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Cyclops, The World’s Biggest Camera, For Rent In Mihama

By: Stephen Carr

Date Posted: 2000-07-07

From this month film makers wanting to take advantage of the latest special effects technology will be able to do so in Okinawa. A four ton camera, the Cyclops, one of only seven in the world, is available for rent in Mihama. Recent films like The Matrix were shot using the camera, mounted on a highly flexible neck, as tall as a giraffe.

Government plans for Okinawa are to make it into a hi-tech island with a sophisticated multi-media infrastructure. To this end it is investing in projects that will attract many media companies here. It then plans to recoup its investment through increased tax revenues that will result from more business activity on the island.

One venture in which the government has invested a lot of cash is through a company called Infini Entertainment Technology. Infini has a studio in the Carnival Park complex, just below the big wheel in Mihama. In the studio is a Cyclops camera, which shifts its four ton bulk at two meters a second by running on a rail. This is the biggest of all motion picture cameras and there are only six others in the world. They are in Austria, Germany, Canada and Seattle, USA. The other two are in London. The Cyclops is made in England.

Mark Roberts Motion Control makes the camera and Flair, the software to go with it, to shoot film or video with no wobble. Some special effects sequences need very accurate camera movement control, so that the same move can be repeated many times, with each camera pass being identical to previous ones. If the camera is controlled by hand it is almost impossible to exactly duplicate a pass. But a computer controlled rig like the Cyclops exactly records every position of the camera, so it can be repeated as often as necessary. It can be used with both film and video.

The Cyclops is also good at combining live action with computer generated images. In order for these to be realistic, they have to be in perspective with the background. They also have to have the same lighting and color balance. A digital image must also have its own three dimensional shape, which always has to be oriented to the viewpoint provided by the film camera. The technology in addition allows the computer generated images making up a background against live actors, to be moved in real time, as the camera moves.

This is the state-of-the-art machine when it comes to shooting say a combination of scenery, an actor and a moving camera. Backgrounds can be shot on location and foregrounds in the studio. Then the two can be mixed. If a shot goes for instance round a car, the film can be rewound and the sequence shot again on the same piece of film with an image so perfect it would be impossible to tell it had been twice exposed.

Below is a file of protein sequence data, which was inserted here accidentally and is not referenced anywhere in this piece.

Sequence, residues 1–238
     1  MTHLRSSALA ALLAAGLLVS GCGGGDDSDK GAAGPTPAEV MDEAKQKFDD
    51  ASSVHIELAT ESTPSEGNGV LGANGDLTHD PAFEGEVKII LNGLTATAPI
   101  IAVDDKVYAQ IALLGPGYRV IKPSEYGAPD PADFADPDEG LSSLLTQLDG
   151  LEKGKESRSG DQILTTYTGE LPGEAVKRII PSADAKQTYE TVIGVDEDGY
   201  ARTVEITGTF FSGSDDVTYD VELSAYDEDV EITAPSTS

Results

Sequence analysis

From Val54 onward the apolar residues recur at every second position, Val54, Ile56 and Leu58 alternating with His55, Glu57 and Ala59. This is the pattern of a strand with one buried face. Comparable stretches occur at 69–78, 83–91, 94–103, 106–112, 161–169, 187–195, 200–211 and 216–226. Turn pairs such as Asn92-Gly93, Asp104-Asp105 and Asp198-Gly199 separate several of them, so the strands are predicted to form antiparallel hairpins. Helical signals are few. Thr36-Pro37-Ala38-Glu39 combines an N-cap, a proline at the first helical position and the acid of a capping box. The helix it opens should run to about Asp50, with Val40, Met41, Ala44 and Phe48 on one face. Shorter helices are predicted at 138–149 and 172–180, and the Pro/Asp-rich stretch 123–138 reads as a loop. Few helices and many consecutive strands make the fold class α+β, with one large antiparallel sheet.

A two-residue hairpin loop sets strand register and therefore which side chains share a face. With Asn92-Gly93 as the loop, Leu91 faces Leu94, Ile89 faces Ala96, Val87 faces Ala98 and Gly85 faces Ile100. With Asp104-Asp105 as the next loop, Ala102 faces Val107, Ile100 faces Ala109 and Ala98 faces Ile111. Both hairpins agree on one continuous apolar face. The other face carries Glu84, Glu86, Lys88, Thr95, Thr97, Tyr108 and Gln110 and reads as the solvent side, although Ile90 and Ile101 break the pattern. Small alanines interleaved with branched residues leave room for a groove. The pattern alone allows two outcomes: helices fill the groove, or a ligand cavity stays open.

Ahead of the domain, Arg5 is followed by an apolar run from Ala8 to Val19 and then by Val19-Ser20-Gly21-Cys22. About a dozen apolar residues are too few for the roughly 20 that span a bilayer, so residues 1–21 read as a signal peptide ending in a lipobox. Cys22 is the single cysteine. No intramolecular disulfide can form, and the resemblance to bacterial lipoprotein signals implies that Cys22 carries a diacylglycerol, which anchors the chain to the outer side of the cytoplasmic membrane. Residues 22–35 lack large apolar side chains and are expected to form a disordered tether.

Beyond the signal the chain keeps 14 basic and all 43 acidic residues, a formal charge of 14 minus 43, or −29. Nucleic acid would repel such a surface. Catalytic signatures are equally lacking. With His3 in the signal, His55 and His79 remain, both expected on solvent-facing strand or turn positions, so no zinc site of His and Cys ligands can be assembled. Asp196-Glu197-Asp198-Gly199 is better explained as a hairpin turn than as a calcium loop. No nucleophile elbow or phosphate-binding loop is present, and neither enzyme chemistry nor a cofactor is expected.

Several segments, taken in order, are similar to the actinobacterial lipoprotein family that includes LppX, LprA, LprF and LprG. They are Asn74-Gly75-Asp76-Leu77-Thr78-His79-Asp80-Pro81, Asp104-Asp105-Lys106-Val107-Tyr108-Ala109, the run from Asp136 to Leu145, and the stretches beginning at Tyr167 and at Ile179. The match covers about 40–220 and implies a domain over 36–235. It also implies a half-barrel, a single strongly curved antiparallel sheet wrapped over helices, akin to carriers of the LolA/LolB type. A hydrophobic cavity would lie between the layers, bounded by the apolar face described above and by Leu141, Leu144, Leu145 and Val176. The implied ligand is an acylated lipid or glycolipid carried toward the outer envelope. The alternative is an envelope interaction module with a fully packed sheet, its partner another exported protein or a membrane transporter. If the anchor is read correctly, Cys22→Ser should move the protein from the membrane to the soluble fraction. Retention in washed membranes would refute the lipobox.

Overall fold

John Tsui, an Infini Entertainment engineer demonstrated a video sequence, shot by the Cyclops, of one of his staff walking, as if in the land of the giants, across a table top with waist high teacups. The camera had mixed a shot of the man walking, then another of the table top. It is of course possible to do this with conventional equipment but the exact positions of the objects in both are exactly tracked on the Cyclops software, Flair, stored in a PC and the mixing of both images is a simple job. I mentioned the film Gulliver’s Travels to Tsui, which has sequences of Gulliver amongst monster pepper pots, fighting giant wasps. He said the film makers did a good job with those scenes but that it would have been very laborious without Motion Control technology. They would have had to work on the action with infinitesimal patience, frame by frame.

A Cyclops was used in the making of Matrix which had a lot of tricky special effects and a new animated feature, Chicken Run, from the makers of Wallace and Gromit, also uses the technology.

An engineer from England, Peter Rush, was recently in Okinawa to make sure the Cyclops was running absolutely steadily on its rails. Tsui says ideally he would like a bigger studio to work in and double the rail run his four ton giant now has.

Nonetheless Infini is expecting considerable interest from film makers wanting to rent its state-of-the-art machine, especially companies that want to shoot commercials. It is is leasing the Mihama studio for three years.

Asked about why Japan, the home of high technology, needs to import machines made in other countries, Tsui said that as the Cyclops is not a mass production item, it is not the sort of product Japanese industry is at the moment interested in making, but which a country like England is good at producing. Although the camera is super-sophisticated, it is made by hand, in a society which has seen its own mass production pass to places with lower unit costs. So, finding other outlets for its brain power, it makes machines like the Cyclops, a complicated, expensive difficult to build product, designed by creative applications of the latest technology.

It costs ¥100,000 to rent four hours of the Cyclops studio technicians’ time. The studio itself costs ¥180,000 a day to rent or ¥1.6 million a month. Any prospective film makers interested in perfectly mixed dolly shots or realistic digitally enhanced images should contact Infini Entertainment Technology at (098)-982-7033.

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